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About mifritscher

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  1. Only as an hint: even on an i7-640LM, the integrated GPU (which can handle OpenGL 2.1 and inofficially even OpenGL 3) isn't fast enough to enable GLSL 2.0 shaders - its way too slow, even if the graphics quality is set to low. Without its working fine. So if all shaders etc. are converted to OpenGL 2.1 GLSL, there should be "extra low quality" versions available - also to ease porting to Android, running it on compute sticks etc. Regarding suptertuxkart: Yes, the old renderer is still available. The i7-640LM can be forced to claim OpenGL 3 and then its technically running, but practical unplayable because of way too few fps. The old renderer is running fine on the same maschine.
  2. mifritscher


    Which via s3 do you have? And which cpu? AoE II uses a pseudo 3D mode (doesn't use 3D capabilties from the GPU at all) while 0ad uses "real" 3D
  3. @rendering: one finding for me is, that the profiling result for rendering is totally different on Linux & Windows (On Linux there is no difference if GLSL is enabled or not). The other thing is that the bottlenecks are either on "unlogged" things (as on Windows) or on clearing ( & and switching) buffers. The unlogged thing could be a overlooked thing which is worth to be profiled, the buffer thing could be a surprising ineffectiviness on a specific function. @Transfering differences vs transfering commands: transfering commands means that the non- host computers need to calculate more, which could lead to problems if e.g. something gets out if (timely) sync or do have slightly different calculations (e.g. floating point, which you try to avoid partly because of this) To help mitigate the problem about deviating states (which shouldn't occour if only the host calculates the "true" data and the other computers only calculate things for interpolating for e.g. smoother displaying) checksums could be used - and if any difference is catched then the raw data is requested, perhaps only section-wide @Pathfinding: Caching paths could be useful e.g. for gathering ressources. The civs are walking much more often than ressources are exhausted or new buildings get built ;-) The local cirvumventing could be used as a first try and in a way to get back on the planned track at quick as possible. If that doesn't work in e.g. 3..5 seconds, a global replaning could be triggered.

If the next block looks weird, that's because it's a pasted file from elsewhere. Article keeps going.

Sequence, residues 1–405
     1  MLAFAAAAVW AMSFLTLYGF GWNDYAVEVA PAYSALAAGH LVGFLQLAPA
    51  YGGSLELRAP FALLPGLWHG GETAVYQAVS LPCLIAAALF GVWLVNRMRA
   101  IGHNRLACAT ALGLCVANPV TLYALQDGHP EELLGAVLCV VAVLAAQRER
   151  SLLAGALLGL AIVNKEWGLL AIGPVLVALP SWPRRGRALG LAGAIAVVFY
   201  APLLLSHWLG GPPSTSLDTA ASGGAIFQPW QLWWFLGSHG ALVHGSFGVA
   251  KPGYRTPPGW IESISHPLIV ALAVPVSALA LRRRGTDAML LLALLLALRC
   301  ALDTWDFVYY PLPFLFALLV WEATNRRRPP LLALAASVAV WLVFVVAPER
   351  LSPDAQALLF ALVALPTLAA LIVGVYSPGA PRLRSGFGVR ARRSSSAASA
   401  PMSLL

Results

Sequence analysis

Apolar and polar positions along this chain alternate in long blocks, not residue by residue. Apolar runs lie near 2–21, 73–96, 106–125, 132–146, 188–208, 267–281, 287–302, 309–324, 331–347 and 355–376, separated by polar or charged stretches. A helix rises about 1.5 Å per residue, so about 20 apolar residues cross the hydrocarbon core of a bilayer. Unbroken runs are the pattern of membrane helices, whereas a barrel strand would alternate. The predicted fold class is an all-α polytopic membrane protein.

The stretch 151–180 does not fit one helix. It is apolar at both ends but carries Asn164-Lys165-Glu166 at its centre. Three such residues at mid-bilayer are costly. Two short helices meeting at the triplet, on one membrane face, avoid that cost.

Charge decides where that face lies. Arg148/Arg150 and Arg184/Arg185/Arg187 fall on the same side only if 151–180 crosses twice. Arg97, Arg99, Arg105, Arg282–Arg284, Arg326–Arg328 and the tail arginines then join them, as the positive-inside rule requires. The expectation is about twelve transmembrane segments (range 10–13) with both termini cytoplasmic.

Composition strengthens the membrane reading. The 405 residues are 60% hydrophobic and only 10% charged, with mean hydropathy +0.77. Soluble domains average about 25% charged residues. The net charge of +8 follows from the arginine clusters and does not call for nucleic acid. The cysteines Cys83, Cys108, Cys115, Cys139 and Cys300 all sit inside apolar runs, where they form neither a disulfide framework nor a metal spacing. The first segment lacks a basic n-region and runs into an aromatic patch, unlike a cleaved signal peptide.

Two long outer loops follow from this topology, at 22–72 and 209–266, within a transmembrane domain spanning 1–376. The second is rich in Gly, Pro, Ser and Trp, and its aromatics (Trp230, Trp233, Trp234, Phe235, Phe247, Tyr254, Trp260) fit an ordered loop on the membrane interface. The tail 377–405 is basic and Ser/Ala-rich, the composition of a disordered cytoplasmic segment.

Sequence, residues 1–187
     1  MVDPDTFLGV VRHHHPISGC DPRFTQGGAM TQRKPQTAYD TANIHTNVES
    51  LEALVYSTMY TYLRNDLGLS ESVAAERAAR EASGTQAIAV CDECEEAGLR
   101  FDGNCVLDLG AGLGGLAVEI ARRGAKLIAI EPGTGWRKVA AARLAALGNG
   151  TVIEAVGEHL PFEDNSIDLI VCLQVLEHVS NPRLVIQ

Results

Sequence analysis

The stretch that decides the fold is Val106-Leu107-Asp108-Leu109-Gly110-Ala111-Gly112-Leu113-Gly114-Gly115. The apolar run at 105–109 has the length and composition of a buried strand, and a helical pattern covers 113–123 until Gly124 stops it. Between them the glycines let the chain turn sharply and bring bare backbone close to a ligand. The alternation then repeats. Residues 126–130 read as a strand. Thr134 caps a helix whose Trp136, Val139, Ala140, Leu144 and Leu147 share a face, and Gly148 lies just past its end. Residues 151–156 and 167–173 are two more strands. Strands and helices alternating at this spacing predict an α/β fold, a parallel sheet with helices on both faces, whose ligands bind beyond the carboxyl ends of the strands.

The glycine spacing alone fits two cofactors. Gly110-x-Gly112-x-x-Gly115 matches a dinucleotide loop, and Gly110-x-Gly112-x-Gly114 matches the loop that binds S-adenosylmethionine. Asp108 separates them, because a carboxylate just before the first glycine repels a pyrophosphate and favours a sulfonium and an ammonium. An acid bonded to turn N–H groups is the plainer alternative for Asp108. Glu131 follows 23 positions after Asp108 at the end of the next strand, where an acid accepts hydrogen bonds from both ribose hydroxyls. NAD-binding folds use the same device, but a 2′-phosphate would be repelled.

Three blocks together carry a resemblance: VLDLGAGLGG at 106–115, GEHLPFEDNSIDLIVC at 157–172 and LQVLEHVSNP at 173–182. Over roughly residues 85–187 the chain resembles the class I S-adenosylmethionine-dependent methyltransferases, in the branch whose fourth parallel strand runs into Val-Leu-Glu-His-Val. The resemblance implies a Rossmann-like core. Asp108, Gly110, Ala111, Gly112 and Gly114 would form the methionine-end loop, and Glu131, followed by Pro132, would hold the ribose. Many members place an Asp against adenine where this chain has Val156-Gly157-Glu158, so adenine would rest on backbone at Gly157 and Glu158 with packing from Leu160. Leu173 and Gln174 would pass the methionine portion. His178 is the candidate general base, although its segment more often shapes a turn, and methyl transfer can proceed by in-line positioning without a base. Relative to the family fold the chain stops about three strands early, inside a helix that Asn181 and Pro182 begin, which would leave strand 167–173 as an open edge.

4. At least it should be raised only to 1280x768 - so both the 1280x800 and 1366x768 gets covered. But "normal" XGA is still widely used And I think that a GUI which can be used at any resolution (and any dpi!) would be more usefull. Perhaps slightly different arrangements für 5:4 (1280x1024), 4:3 (the "classic"), 16:10 (1280x800 and the lie) and 16:9 (1366x768) would be usefull, but I think it would work without it as well.
  5. For me the speed hasn't changed much between Alpha 15 and 18. I'm playing mostly 1vs1 with max. 150 civ. The biggest problems are rendering -> patches -> render terrain base -> unlogged and rendering -> models -> rendering bucketed submissions (Windows Visa, Core2Duo, x3100, lowest graphics settings within GUI, needed to disable glsl because it can't compile the shaders) - so rendering is the biggest problem for me ;-) Edit: Under Ubuntu (14.04, 64 bit, same computer, glsl enabled) It looks different: here te problem is render -> render submissions -> clear buffer Even if the gamestat is a few 100 kB (which sounds rather big to me to be honest, perhaps it could be may more effective with a binary encoding - yes, there is a binary form of JSON) It could be worth to transfer only the differences What are the biggest problems in path planing now? To be honest, it's surprised me that this should be the bottleneck - even on big maps and many (>1000) civs) Some random ideas for optimisation (don't know if they are already used ): * If a civ runs this way (source->target point) for several (>1?) times, assume it is free -> no recalculation of the path. If there is a new obstacle then recalculate once when the obstacle is (almost) hit * I hope that it not recalculated every 50 ms or so? * Stick to "static" pathplaning, only recalculate if there new obstacles occuring which are on the path * First try to find local cirvumventions on obstacles and not recalculate the whole path * Formations: As already being said: Do the global pathplaning only for one person (master) in the formation, the other do only a local "follow the master" algorithm. This gobal pathplaning could even estimate the width of the formations (as already being said) * Formations: If formations are crossing each other, but shouldn't interact (by e.g. attacking) try to keep the masters a bit apart so the "follow the master" algorithm doesn't need to calculate circumventions very dynamically